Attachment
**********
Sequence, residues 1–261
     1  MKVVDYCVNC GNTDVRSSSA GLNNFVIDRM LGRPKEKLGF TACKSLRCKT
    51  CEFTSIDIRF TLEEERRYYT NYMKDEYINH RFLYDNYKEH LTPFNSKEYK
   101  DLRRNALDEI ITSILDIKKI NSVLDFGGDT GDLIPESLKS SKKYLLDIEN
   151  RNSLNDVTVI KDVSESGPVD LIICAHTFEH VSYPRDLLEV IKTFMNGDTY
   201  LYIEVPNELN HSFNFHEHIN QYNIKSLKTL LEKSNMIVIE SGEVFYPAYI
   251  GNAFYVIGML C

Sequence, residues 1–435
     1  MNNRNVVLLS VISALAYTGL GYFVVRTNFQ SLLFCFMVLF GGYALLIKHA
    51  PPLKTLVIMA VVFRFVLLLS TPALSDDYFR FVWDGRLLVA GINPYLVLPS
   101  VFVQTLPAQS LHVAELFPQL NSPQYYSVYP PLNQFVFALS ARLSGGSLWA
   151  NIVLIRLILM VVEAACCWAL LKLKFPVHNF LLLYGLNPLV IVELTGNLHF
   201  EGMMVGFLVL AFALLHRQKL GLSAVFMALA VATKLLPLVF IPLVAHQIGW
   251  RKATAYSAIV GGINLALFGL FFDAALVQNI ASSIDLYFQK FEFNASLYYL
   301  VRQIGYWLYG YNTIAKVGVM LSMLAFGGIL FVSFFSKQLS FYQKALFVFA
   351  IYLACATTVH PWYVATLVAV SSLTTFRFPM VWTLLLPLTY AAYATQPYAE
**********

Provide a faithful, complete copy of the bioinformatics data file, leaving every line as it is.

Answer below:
Sequence, residues 1–261
     1  MKVVDYCVNC GNTDVRSSSA GLNNFVIDRM LGRPKEKLGF TACKSLRCKT
    51  CEFTSIDIRF TLEEERRYYT NYMKDEYINH RFLYDNYKEH LTPFNSKEYK
   101  DLRRNALDEI ITSILDIKKI NSVLDFGGDT GDLIPESLKS SKKYLLDIEN
   151  RNSLNDVTVI KDVSESGPVD LIICAHTFEH VSYPRDLLEV IKTFMNGDTY
   201  LYIEVPNELN HSFNFHEHIN QYNIKSLKTL LEKSNMIVIE SGEVFYPAYI
   251  GNAFYVIGML C

Sequence, residues 1–435
     1  MNNRNVVLLS VISALAYTGL GYFVVRTNFQ SLLFCFMVLF GGYALLIKHA
    51  PPLKTLVIMA VVFRFVLLLS TPALSDDYFR FVWDGRLLVA GINPYLVLPS
   101  VFVQTLPAQS LHVAELFPQL NSPQYYSVYP PLNQFVFALS ARLSGGSLWA
   151  NIVLIRLILM VVEAACCWAL LKLKFPVHNF LLLYGLNPLV IVELTGNLHF
   201  EGMMVGFLVL AFALLHRQKL GLSAVFMALA VATKLLPLVF IPLVAHQIGW
   251  RKATAYSAIV GGINLALFGL FFDAALVQNI ASSIDLYFQK FEFNASLYYL
   301  VRQIGYWLYG YNTIAKVGVM LSMLAFGGIL FVSFFSKQLS FYQKALFVFA
   351  IYLACATTVH PWYVATLVAV SSLTTFRFPM VWTLLLPLTY AAYATQPYAE